Excitement Building for Cyclones Opening Day

Tom Gamboa (Photo by Jim Mancari)
Tom Gamboa (Photo by Jim Mancari)

Each summer in Brooklyn, fans turn out in droves to watch their favorite Brooklyn Cyclones play the game they love.

For the past few seasons at least, the summer schedule has coincided with the struggles of the parent team, so again this summer, the hype for the Cyclones seems to be through the roof.

Last night, the Cyclones were supposed to open on the road against New York-Penn League rivals, the Staten Island Yankees. But the game was rained out, meaning tonight will be opening night at MCU Park in Coney Island.

With a crowd near the 7,500 capacity expected. The players are certainly excited to play in front of this type of crowd.

Casey Meisner (Photo by Jim Mancari)
Casey Meisner (Photo by Jim Mancari)

“The crowd’s going to be crazy,” said starting Casey Meisner, a 6-foot, 7-inch right-hander from Cypress, Texas, who was supposed to start the home opener but will be pushed back in favor of Friday’s probable, righty Octavio Acosta. “I was in GCL (Gulf Coast League), the lowest level in the minor leagues for the Mets, and there’s no fans. There’s nothing there. Seeing and playing in this big stadium and talking about the crowd, I’m just going to try to block it all out and try to focus to pitch.”

“It’s great,” said righty Josh Prevost, a Seton Hall University product who grew up a Mets fan in Belle Mead, N.J. “You’re in the city; a lot of people are going to be at the games. A lot of people that go to the Mets games are going to be here as well. Hopefully I put on a good show.”

“It’s a complete big league environment,” said new Cyclones manager Tom Gamboa. “The only difference is that there are 7,500 seats instead of 40,000. It’s going to raise their intensity level, and we’re looking forward to getting started.”

The Cyclones usually draw among the highest number of fans for a minor league team in the country, so Gamboa said that playing in front of this many fans at this early stage of their careers could only be beneficial to the young players.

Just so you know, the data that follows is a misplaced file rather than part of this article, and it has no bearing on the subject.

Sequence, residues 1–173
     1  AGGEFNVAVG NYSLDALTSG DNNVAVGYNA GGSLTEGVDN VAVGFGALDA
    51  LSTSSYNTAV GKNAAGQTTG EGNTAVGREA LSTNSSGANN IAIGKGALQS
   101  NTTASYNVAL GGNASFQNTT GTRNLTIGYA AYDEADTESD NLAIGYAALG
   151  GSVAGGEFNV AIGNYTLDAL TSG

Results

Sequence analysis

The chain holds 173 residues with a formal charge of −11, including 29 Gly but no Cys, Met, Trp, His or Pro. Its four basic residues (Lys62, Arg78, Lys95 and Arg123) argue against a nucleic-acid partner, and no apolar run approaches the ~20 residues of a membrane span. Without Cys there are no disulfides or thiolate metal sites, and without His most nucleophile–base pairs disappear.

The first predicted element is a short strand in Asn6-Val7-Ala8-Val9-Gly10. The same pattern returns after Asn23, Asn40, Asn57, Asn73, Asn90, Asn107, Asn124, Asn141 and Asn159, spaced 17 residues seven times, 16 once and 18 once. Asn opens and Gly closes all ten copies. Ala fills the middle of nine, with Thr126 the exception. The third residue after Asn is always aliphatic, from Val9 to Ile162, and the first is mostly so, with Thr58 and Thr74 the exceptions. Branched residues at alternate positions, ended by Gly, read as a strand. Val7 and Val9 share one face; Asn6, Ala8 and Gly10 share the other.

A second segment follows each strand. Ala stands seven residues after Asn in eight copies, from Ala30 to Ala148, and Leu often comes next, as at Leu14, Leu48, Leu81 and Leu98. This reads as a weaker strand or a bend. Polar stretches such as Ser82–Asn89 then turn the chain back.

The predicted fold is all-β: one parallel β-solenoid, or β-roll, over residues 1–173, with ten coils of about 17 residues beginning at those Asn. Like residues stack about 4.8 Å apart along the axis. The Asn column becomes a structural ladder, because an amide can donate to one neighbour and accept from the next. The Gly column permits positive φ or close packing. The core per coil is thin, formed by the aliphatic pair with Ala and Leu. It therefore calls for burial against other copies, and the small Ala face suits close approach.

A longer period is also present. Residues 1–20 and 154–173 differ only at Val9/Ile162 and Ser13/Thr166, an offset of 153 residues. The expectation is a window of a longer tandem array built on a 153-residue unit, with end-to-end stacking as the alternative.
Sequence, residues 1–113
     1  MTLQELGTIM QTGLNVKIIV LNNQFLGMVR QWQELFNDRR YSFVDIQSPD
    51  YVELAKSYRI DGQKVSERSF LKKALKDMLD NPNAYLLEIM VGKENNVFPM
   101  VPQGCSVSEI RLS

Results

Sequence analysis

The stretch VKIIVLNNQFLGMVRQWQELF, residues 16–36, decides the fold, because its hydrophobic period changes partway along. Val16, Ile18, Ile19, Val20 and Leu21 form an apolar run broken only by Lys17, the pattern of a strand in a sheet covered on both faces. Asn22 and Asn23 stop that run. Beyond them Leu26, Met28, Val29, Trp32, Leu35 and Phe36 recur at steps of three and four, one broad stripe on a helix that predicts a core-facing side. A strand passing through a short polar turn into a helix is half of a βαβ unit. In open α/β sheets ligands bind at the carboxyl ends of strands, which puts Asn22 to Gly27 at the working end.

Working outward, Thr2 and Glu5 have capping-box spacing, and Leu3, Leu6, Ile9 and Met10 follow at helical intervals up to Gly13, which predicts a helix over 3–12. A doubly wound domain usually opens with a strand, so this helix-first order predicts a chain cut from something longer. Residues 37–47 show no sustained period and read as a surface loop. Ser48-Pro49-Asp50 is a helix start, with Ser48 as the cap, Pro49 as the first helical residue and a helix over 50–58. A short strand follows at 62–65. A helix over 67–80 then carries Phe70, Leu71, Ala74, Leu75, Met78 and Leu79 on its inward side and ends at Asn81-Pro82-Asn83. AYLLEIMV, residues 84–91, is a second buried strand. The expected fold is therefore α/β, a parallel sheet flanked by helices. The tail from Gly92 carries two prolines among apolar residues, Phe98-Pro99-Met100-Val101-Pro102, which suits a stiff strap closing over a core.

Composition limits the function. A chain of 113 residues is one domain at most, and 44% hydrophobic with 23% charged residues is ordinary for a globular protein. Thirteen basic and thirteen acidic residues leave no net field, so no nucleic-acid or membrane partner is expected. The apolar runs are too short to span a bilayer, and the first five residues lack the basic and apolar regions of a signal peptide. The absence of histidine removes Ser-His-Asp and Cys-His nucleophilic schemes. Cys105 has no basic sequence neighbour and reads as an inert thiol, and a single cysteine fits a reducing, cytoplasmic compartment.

“A real perk as I mentioned to these guys is that they’re getting a chance early in their career to play in front of a lot of fans, which will help them someday ease the transition when they get to the big leagues,” Gamboa said. “When guys get to Double- or Triple-A in that environment, particularly when fans are not with you or at home if you’re not doing well, it helps to toughen a guy’s skin up as a big leaguer.”

Josh Prevost (Photo by Jim Mancari)
Josh Prevost (Photo by Jim Mancari)

The big leagues are still very far off for these players, some of whom will be getting their first experience this summer in professional baseball. Still, Gamboa said he is excited to see how thrilled the players will be to open the season.

“Except for a couple of the college kids, the rest of them have never played in front of crowds like this before,” Gamboa said. “They wouldn’t be human if they didn’t go through a little stage fright. I jokingly refer to that as the sphincter factor.

“I knowingly do that to make guys laugh to try to take the pressure off them to make them realize the sooner that they can get through that, the sooner that they can focus on the task at hand instead of being aware of everything that’s going on around them, the sooner that their true skills will come out. You have to be relaxed and focused to play this game. You can’t worry about outside elements.”

The nerves may be there tonight and there will undoubtedly be plenty of mistakes, but the excitement of playing pro ball in Brooklyn has these players salivating to get out on that field.

“Now that we’re here, the best part is yet to come,” Gamboa said. “Playing in this environment every day is going to be a lot of fun for the players and for the coaches.”

First pitch is scheduled for 6 p.m., and an opening night fireworks display will follow the game. The Cyclones are hoping to provide their own fireworks on the field to start their season off on the right foot.

About Jim Mancari 255 Articles
Jim Mancari hails from Massapequa, N.Y. He earned a Master's degree in journalism from Hofstra University. He is a devout Mets fan and takes pride in his team, despite their lack of success over the last few years. Like all Mets fans, Jim has plenty of hope. He also writes as the sports reporter for the Brooklyn Tablet newspaper and the senior editor of metroBASEBALL Magazine. Be sure to visit http://www.jimmancari.com/